top of page

Time’s up for the bike test

If you’ve not been living under a rock for the last eight years, you cannot have failed to notice that as of yesterday all candidates for the motorcycle test will have to undertake an EU-mandated compulsory off-road element before venturing onto the roads with the examiner in hot pursuit for the on-road element of the bike test.

Or rather, there is every chance that they won’t be taking any bike test at all!

It’s long been recognised that many riders will have to make unfeasibly long journeys to the test centres, but with the new booking system in place for several weeks on the lead up to the new three part test, it seems it’s already in chaos, with some areas apparently having “part three” on-road test availablity but no “part two” off-road test availability, without which the on-road test can’t go ahead.

The issue was being hotly debated in Parliament last Wednesday.

Mark Williams (Lib Dem MP for Ceredigion) reported that as late as the week before last, Rider’s Edge, which operates from the Royal Welsh showground in Builth Wells, had been unable to book a single off-road test under the new rules, just two weeks before the new test was due to go live.

Motorcycle trainers up and down the country are furious that the DSA have failed to address the widely predicted problems they were likely to face from the introduction of the new tests.

The DSA originally proposed to introduce the new test last September but after industry representation delayed the launch by six months because only 38 of the planned 66 multi-purpose test centres (MPTCs) were ready.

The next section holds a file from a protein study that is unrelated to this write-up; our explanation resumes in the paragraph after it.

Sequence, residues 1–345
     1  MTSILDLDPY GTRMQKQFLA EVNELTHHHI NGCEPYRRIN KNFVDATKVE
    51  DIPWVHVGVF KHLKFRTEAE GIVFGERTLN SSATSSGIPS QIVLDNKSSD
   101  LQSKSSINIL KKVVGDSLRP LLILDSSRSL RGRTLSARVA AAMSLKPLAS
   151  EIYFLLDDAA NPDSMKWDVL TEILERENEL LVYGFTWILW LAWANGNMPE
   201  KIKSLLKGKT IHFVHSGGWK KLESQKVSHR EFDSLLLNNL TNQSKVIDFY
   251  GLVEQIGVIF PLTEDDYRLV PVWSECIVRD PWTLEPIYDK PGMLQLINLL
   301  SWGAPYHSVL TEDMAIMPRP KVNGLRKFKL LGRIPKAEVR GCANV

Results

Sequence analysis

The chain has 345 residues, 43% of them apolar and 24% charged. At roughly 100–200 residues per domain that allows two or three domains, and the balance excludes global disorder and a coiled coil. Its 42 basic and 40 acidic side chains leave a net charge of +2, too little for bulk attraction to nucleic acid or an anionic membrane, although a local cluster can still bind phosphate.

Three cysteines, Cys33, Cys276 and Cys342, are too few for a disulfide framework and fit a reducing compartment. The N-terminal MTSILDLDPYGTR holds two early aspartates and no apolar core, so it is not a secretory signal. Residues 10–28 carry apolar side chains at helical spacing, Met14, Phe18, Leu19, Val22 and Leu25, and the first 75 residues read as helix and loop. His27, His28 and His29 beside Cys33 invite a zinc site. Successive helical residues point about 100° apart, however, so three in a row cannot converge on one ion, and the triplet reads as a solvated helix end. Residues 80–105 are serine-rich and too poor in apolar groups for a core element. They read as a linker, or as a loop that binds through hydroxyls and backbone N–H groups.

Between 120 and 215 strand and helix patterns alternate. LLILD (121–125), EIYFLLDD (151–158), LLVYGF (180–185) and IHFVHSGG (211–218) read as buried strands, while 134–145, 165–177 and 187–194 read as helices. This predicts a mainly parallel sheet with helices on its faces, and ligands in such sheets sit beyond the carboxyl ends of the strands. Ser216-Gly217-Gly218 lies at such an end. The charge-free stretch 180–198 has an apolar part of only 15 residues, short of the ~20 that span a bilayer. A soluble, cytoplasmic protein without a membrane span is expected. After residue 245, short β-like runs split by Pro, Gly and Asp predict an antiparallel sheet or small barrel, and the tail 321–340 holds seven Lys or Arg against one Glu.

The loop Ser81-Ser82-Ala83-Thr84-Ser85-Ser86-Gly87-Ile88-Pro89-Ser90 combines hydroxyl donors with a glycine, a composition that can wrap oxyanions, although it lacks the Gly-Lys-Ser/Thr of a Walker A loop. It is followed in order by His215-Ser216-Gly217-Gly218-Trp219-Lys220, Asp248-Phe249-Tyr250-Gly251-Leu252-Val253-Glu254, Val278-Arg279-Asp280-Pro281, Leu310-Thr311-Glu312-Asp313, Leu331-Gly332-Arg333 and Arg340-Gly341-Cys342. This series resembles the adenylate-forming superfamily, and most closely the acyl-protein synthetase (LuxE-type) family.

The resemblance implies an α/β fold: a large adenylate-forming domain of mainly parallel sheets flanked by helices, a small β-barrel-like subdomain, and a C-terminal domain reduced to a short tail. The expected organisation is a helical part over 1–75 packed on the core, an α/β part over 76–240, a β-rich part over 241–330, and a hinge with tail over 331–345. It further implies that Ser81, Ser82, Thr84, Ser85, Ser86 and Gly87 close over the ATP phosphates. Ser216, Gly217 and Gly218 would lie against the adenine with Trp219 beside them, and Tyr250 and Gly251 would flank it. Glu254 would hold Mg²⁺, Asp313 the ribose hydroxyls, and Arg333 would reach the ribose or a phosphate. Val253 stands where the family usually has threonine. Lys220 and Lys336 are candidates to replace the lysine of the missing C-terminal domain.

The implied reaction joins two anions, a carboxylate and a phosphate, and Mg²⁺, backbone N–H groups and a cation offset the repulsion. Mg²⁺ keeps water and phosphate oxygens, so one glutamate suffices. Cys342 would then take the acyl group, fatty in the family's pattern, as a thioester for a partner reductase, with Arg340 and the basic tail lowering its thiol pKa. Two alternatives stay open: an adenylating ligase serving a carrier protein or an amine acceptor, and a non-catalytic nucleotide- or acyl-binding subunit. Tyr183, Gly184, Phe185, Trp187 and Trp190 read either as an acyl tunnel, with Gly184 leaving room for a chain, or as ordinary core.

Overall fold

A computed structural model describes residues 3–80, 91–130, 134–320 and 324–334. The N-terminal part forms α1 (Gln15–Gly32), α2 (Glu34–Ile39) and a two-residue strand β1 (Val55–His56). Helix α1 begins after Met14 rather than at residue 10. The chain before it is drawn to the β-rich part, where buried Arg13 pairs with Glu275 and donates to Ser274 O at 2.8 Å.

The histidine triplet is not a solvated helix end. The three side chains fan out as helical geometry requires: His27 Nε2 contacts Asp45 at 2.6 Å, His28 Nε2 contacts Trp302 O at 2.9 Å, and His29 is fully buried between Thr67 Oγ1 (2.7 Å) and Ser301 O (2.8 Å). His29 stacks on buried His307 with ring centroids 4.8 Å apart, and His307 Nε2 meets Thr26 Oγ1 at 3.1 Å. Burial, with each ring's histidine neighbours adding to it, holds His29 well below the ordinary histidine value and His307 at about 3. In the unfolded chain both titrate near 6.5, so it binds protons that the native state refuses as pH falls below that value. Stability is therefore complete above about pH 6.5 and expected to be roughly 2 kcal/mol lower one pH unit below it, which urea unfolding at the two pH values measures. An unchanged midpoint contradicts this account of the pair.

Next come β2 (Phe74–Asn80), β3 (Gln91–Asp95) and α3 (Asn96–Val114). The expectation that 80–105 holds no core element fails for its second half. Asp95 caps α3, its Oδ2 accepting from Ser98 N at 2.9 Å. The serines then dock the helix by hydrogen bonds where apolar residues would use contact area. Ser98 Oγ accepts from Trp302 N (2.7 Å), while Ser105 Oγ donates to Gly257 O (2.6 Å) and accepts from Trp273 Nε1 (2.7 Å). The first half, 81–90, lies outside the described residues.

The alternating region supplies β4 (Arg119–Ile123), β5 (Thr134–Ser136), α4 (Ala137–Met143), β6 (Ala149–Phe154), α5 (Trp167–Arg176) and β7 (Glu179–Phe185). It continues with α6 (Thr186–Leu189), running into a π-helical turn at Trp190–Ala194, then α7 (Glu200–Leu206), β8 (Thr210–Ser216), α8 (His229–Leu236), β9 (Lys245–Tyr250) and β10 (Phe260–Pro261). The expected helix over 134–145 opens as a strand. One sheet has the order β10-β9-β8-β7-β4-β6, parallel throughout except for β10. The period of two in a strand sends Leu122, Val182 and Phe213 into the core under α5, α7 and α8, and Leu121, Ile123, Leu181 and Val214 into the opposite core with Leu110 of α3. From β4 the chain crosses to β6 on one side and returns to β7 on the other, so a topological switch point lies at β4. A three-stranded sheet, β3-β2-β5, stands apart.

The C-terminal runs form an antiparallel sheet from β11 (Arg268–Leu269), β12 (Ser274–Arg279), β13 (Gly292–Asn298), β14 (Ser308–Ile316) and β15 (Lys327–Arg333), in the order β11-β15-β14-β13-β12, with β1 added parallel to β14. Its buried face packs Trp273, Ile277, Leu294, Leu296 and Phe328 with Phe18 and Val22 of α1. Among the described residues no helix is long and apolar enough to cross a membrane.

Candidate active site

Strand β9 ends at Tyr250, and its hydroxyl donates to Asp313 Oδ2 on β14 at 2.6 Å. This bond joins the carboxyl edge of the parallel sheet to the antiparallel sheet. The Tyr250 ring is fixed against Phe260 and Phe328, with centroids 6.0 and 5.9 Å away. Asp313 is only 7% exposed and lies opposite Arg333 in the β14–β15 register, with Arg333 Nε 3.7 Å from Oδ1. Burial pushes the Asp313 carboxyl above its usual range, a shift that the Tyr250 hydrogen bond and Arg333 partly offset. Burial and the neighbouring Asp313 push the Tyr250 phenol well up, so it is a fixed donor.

Paul Clark (Parliamentary Under-Secretary, Department for Transport) said in response to questioning in Parliament last week that 66 sites are now available, but on further examination it appears that only six new MPTCs have been added, with the remaining test locations being either temporary sites or weekend-only centres.

The DSA claim that 88% of the population are within 45 minutes’ ride of a testing facility. Leaving aside the fact that the DSA’s estimate of time versus distance is hopelessly optimistic, that still leaves 12% (or to put it another way, over 7 million people) who aren’t within the 45 minute cut off. And many of those people are hours from the nearest centre.

Mark Williams further pointed out that there will be no MPTC in Ceredigion, Carmarthenshire, Pembrokeshire or Powys, a huge area of the country.

Steve Manning, of Advanced Rider Training near Crawley in West Sussex, is quoted on the BBC website earlier this month as saying he is already struggling to book the new tests and he expects to lose business.

“There just aren’t enough of the promised multi-purpose test centres available to deal with the volume of tests we do.

“I would hope to do 10 to 12 module one tests a week. On average I’ve got six or seven module one tests a week, which is going to cut the availability of our courses in half.

“If people can’t get the test at the end of their training they’re not going to come and do their training with us.”

Mr Manning says he will only have one test centre within a 20-mile radius of his training school, compared with seven which he currently uses.

What’s more, there are already stories circulating on the internet about two crashes, one involving broken bones, after the very first day of the off-road exercises. I’ve not been able to find confirmation of this but I’ll update as soon as I know.

The day of the simple “get trained, pass a test” route to a full motorcycle licence might well be at an end.

1 view0 comments

Recent Posts

See All


bottom of page